For any Marxist who has at all pondered over the philosophy of Marx and Engels, for any Social-Democrat who is at all acquainted with the history of the international socialist movement, this conversion of one of the lowest forms of struggle into the specific weapon of struggle of a special historic moment contains nothing surprising. The anarchists have absolutely never been able to understand this simple thing. Now our otzovists and their removed echoers are trying to introduce anarchist modes of thought among Russian Social-Democrats, crying out (like Maximov and Co.) that Proletary is dominated by the theory of “parliamentarism at any price”.
To show how stupid and un-Social-Democratic these out cries of Maximov and Co. are, we shall once more have to begin with the ABC. Just reflect, 0 unjustly removed ones, what is the specific difference between the policy and tactics of the German Social-Democrats and those of the socialist workers’ parties in other countries? The utilisation of parliamentarism; the conversion of bourgeois Junker (approximate Russian equivalent: Octobrist-Black-Hundred) parliamentarism into an instrument for the socialist education and organisation of the mass of the workers. Does this mean that parliamentarism is the highest form of struggle of the socialist proletariat? Anarchists the world over think it does mean that. Does it mean that the German Social-Democrats stand for parliamentarism at any price? Anarchists the world over think it does mean that, and hence there is no enemy more hateful to them than German Social-Democracy, there is no target they love to aim at more than the German Social-Democrats. And in Russia, when our Socialist-Revolutionaries begin to flirt with the anarchists and advertise their own “revolutionary militancy” they never fail to drag In real or imaginary errors of the German Social-Democrats, and draw conclusions from them to the detriment of Social-Democracy.
Now let us go further. In what lies the fallacy of the anarchists’ argument? It lies in the fact that, owing to their radically incorrect ideas of the course of social development, they are unable to take into account those peculiarities of the concrete political (and economic) situation in different Countries which determine the specific significance of one or another means of struggle for a given period of time. In point of fact the German Social-Democrats, far from standing for parliamentarism at any price, not only do not subordinate everything to parliamentarism, but, on the contrary, in the international army of the proletariat they best of all have developed such extra-parliamentary means of struggle as the socialist press, the trade unions, the systematic use of popular assemblies, the socialist education of youth, and so on and so forth.
What is the point then? The point is that a combination of a number of historic conditions has made parliamentarism a specific weapon of struggle for Germany over a given period, not the chief one, not the highest, not of prime and essential importance in comparison with other forms, but merely specific, the most characteristic in comparison with other countries. Hence, the ability to use parliamentarism has proved to be a symptom (not a condition but a symptom) of exemplary organisation of the entire socialist movement, in all its branches, which we have enumerated above.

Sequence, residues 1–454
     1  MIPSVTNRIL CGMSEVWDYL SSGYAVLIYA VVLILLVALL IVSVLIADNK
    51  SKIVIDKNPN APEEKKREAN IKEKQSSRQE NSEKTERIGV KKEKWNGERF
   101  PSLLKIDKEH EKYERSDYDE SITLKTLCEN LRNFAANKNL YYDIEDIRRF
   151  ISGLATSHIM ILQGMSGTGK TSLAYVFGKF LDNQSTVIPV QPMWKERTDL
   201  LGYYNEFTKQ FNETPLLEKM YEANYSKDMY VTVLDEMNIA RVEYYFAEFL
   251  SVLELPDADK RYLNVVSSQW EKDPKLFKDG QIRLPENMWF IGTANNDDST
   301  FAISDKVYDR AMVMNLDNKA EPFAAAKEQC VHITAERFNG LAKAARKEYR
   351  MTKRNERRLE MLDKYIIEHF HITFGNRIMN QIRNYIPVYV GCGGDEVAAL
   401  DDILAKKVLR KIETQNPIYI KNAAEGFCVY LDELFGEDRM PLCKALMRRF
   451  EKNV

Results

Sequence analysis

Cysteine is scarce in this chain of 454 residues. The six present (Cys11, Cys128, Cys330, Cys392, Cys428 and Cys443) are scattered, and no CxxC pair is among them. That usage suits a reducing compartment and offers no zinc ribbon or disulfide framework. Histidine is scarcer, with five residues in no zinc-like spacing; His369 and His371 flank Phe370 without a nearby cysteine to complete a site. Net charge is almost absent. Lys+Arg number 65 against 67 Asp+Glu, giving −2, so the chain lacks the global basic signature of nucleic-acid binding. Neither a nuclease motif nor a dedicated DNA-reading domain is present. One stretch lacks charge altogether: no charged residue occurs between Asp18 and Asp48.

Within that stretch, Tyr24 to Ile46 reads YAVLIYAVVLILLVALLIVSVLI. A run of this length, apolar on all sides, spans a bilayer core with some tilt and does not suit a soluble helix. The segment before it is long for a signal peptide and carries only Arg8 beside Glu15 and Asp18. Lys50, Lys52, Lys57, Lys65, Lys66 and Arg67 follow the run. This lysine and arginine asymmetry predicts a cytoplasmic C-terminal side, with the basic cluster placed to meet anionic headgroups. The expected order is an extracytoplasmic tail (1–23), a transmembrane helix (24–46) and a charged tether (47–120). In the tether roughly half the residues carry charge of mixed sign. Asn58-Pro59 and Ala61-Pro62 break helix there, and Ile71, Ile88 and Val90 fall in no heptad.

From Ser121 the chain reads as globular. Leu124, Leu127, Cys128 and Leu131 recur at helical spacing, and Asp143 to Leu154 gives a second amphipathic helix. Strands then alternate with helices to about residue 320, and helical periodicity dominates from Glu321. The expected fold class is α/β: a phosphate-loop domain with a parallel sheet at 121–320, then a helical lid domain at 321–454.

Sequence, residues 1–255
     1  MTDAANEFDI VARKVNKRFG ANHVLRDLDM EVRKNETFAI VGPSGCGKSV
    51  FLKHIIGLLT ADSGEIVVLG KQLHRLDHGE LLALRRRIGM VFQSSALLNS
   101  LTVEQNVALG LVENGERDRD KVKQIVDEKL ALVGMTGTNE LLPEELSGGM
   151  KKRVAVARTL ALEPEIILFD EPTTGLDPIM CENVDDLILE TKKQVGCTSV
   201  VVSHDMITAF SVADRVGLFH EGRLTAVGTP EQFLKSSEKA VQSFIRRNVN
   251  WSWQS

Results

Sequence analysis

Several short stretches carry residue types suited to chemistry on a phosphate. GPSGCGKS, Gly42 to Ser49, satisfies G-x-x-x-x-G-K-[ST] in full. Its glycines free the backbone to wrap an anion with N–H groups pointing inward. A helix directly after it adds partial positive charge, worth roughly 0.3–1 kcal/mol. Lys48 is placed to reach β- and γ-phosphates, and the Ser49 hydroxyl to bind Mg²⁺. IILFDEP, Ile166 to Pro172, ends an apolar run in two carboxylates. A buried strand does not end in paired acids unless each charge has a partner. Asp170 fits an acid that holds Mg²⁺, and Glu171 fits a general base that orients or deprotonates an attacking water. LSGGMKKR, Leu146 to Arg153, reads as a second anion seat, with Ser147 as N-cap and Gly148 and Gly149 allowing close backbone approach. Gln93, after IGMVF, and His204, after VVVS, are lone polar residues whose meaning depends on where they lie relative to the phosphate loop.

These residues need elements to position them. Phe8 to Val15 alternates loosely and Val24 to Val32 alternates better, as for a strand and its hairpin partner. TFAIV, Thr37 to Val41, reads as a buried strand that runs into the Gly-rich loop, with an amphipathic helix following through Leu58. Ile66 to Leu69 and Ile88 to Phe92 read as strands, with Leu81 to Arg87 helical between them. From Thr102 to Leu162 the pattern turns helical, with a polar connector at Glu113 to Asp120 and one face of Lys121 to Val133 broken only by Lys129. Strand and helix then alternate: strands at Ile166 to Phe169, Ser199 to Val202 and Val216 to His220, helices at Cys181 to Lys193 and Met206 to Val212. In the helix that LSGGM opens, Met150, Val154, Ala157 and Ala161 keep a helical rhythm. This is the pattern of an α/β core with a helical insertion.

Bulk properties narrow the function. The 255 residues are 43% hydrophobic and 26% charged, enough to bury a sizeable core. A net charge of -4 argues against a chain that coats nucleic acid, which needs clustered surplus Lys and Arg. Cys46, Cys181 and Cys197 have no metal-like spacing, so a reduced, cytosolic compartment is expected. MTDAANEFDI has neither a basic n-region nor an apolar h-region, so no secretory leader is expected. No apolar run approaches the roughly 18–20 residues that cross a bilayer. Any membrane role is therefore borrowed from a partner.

Let us turn from Germany to Russia. Anyone who presumed to draw an exact parallel between the conditions in these two countries would be guilty of a number of gross errors. But try to put the question as a Marxist is bound to do: what is the specific peculiarity of the policy and tactics of the Russian Social-Democrats at the present time? We must preserve and strengthen the illegal Party—just as before the revolution. We must steadily prepare the masses for a new revolutionary crisis—as in the years 1897-1903. We must strengthen to the utmost the Party’s ties with the masses, develop and utilise all kinds of workers’ organisations for the furtherance of the socialist cause, as has always been the practice of all Social-Democratic parties. The specific peculiarity of the moment is, namely, that. the old autocracy is making an attempt (an unsuccessful attempt) to solve new historic problems with the help of the Octobrist-Black-Hundred Duma. Hence, the specific tactical task of the Social-Democrats is to use this Duma for their own purposes, for spreading the ideas of revolution and socialism. The point is not that this specific task is particularly lofty, that it opens grand vistas, or that it equals or even approaches in importance the tasks which faced the proletariat in, say, the period of 1905–06. No. The point is that it is a special feature of the tactics of the present moment, marking its distinction from the period that is past or from that which is yet to come (for this coming period will certainly bring us specific tasks, more complex, more lofty, more interesting than that of utilising the Third Duma). We cannot be equal to the present situation, we cannot solve the, whole assemblage of problems with which it confronts the Social-Democratic Party, unless we solve this specific problem of the moment, unless we convert the Black-Hundred-Octobrist Duma into an instrument for Social-Democratic propaganda.